It could be nothing, but it was one of those rallies that came out of nowhere so it has to say something. Maybe it says something about tomorrow that we don't know yet. Markets are expecting news on Jobless claims, an announcement from the Treasury (re: January budget), as well as a reading of leading misindicators. Take your pick. Maybe it's something else, I don't know.
Then again, it could be nothing but a fake. We'll see Thursday morning I suspect. Commodity markets were lively on Wednesday, despite a generally flat reading in the indexes, weighed down by Cocoa and Oil, both of which were down by about 3%.
Coffee prices soared by almost 5% and Sugar prices gained nearly 2% to reverse the recent downtrends that began in January this year. Base metals were all up slightly, with leadership in Nickel, which was up 3.64% on the nearest contract. The Wheat, other Grains, Livestock, and Lumber contracts also all gained on Wednesday, though at a less torrid pace.
The latest clarification on the Bundesbank announcement, from Reuters:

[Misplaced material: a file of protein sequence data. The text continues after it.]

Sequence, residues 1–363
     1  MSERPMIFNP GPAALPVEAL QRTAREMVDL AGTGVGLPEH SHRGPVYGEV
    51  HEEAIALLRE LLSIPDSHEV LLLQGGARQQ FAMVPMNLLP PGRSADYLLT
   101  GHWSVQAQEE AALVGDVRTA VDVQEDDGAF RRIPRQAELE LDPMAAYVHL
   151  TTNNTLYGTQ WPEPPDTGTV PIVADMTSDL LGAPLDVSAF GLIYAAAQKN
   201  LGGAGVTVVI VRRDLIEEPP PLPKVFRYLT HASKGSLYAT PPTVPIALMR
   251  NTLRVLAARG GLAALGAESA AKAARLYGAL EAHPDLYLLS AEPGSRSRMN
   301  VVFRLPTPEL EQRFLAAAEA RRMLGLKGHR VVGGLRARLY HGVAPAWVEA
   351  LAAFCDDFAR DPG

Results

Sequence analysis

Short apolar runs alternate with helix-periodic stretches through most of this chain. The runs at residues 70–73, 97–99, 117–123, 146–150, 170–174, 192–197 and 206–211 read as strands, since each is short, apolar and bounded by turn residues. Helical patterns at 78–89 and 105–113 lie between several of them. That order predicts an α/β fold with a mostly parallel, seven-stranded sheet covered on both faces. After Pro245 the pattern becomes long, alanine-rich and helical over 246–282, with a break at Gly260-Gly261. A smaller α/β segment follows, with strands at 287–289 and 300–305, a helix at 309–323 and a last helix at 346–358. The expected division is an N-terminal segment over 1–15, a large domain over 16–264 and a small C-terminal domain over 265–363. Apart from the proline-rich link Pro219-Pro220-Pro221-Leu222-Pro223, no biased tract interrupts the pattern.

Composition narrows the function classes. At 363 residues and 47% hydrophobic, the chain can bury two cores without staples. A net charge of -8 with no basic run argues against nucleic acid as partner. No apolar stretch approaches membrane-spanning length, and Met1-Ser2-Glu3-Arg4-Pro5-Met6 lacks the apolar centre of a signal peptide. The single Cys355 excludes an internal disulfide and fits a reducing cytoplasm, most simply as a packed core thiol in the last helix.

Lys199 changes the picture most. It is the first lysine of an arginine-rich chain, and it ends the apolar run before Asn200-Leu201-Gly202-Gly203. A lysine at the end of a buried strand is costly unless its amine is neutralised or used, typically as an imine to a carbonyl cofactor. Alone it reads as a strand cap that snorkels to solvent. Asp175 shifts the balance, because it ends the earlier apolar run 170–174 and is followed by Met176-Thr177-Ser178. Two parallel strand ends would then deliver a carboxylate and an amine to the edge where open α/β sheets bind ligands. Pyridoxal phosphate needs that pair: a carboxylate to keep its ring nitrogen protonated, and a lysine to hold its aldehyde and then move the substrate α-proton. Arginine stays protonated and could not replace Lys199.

GOLD - Closes in London at $291.30/292.30 a troy ounce, after falling from $292.95/293.95 at COMEX close. Hit by fund selling in New York after German central bank clarifies no gold will be sold to 2004 but outlook beyond is not yet clear - REUTERS.
Finesse, that's what it's all about when making (manipulating) markets. People have basically three ways to understand them - through the large pool of data available to them, through the media, and also through other people (brokers, friends, etc.).
I don't think it needs to be said that the latter two mediums , for the most part, offer an interpretation of this "pool of data" (unless they're interpreting other mediums) and so add their bias into the mix as well, akin to the way that any gossip or news is distorted each time it is passed on to someone else.
Even when we're looking at the raw data, it is filtered through our own bias, or world outlook, or belief system.